SPOILERS: ‘WandaVision’ finale is equal parts exciting and disappointing

The finale of WandaVision is now available on Disney+. (Lori Leiszler | Collegian Media Group)

“WandaVision” premiered on Disney+ half a semester ago, and it’s been the only thing keeping me on schedule these past few months. Now that I’ve watched the finale, I’ll have to wait for “The Falcon and the Winter Soldier” to figure out what day it is.

Before I go any further, I must warn you that this article will contain spoilers, so continue reading at your own risk. If you have not watched the finale yet, stop reading and avoid all social media.

After last week’s episode took viewers on a “Magic School Bus” field trip through Wanda Maximoff’s traumatic past, viewers were given an intense revelation; Wanda’s experimentation with the Mind Stone didn’t create her powers, it just amplified the abilities she’s had since childhood.

Agatha also gives Wanda the official title of Scarlet Witch — a name most people knew, but it had never before been explicitly used in the Marvel Cinematic Universe.

The finale opens with Agatha holding Wanda’s children hostage, causing Wanda to use her powers on Agatha. This is exactly what Agatha wants because, based on her earlier flashback, she has the ability to steal powers from other witches.

After a thrown car crushed Agatha, we see a Wicked Witch of the East reference with her shoes alone left in the rubble. Just as Wanda thinks she is safe, Vision 2.0 — White Vision — shows up and tries to “neutralize” her. This leads to a huge fight between Hex Vision and White Vision.

Oh, by the way, Agatha is still around and messing things up for Wanda. She “cuts the strings” of all the people under Wanda’s spell, causing them to surround her and beg for either freedom or death. The whole interaction is conflicting because — yeah — she’s been holding all of these people hostage in their own heads for who knows how long, but at the same time I can’t help but see them as her emotional support hostages.

Outside of the hex, Agent Jimmy Woo is in S.W.O.R.D. custody, with Hayward pulling the old villain “join me” trope. Jimmy says the F.B.I. will arrive within the hour, and Hayward orders someone to take him away. However, Jimmy uses his sleight-of-hand to grab a phone and contact his team.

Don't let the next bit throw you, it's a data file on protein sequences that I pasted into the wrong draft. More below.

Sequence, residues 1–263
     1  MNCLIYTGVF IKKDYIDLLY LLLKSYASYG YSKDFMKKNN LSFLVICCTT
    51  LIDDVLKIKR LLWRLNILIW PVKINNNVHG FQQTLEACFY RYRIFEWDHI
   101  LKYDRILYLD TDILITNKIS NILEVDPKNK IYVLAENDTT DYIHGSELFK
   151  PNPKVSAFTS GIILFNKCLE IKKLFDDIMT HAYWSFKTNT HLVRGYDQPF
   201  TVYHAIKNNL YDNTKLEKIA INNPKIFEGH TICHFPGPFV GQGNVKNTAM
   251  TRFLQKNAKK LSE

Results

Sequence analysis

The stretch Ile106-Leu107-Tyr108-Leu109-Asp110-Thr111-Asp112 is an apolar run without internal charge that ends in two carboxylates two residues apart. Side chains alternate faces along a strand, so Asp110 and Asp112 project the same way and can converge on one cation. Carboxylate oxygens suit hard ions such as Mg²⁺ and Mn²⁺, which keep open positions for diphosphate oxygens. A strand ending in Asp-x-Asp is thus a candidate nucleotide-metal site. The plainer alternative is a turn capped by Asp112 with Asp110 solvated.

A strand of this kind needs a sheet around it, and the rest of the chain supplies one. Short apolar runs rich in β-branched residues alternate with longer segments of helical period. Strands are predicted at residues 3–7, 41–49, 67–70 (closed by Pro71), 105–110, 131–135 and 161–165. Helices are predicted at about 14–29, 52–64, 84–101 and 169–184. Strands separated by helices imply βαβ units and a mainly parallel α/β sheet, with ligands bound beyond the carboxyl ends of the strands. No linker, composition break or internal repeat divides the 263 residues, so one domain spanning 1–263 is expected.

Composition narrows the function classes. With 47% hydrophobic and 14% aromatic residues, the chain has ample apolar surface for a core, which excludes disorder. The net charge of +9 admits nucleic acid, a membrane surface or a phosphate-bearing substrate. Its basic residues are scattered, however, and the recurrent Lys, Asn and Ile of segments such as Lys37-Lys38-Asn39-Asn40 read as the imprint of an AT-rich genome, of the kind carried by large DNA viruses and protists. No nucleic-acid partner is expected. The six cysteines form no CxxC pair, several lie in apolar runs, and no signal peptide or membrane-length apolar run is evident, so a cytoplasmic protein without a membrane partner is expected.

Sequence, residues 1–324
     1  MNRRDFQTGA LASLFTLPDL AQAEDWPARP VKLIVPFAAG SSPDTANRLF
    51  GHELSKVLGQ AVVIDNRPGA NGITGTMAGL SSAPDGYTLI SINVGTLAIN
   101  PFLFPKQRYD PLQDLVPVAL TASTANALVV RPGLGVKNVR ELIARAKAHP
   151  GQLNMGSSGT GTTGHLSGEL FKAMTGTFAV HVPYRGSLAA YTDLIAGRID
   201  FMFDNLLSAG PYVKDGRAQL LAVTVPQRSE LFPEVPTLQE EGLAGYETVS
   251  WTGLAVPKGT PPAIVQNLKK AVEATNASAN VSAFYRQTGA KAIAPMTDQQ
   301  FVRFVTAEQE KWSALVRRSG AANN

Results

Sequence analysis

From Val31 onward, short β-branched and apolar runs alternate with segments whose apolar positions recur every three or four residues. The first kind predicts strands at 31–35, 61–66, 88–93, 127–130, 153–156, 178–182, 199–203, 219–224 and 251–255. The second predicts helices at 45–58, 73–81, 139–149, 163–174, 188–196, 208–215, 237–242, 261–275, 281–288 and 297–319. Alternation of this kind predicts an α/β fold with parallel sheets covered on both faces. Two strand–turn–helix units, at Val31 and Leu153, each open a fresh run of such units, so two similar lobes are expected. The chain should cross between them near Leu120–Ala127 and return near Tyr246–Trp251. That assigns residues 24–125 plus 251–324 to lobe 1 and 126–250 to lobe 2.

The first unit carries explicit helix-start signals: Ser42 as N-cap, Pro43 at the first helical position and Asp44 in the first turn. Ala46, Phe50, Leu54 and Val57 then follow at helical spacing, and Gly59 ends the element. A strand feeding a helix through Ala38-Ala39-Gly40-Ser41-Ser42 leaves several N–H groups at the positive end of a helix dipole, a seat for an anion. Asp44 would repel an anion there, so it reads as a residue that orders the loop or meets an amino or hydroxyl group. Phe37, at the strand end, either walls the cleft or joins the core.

The development of Jimmy’s character is beautiful. His appearance in “Ant-Man and the Wasp” painted him as a somewhat incompetent agent, but he has been an absolute king throughout “WandaVision.” The next Marvel show should revolve around Darcy, Monica and Jimmy. They are the real heroes of this show.

Wanda opens up the hex and tells everyone to leave, but in doing so allows Hayward — gag — and his team to enter the town. Opening the hex also causes Hex Vision, Tommy and Billy to disintegrate, as their existence is tied to the hex.

She closes the hex and runs to her family, who then have a stand-off with White Vision, Hayward and Agatha that looks like a scene straight out of “The Incredibles.” The family splits up, with Hex Vision taking on White Vision, Wanda taking on Agatha, and Tommy and Billy taking on a literal S.W.A.T. team. Honestly, what kind of parenting style is this?

While all of this happens, Monica Rambeau is trapped in Fietro’s man-cave. She digs through some mail and discovers he’s just some guy named Ralph Bohner that Agatha is controlling. No multiverse here, just a cheap boner joke. I imagine Twitter is having a field day with this.

Monica uses her new abilities to find the source of Agatha’s spell, breaking Ralph from her control and freeing Monica from his man-cave. She gets downtown to the action just in time to stop Hayward from gunning down two 10-year-olds, jumping in front of them to absorb the bullets.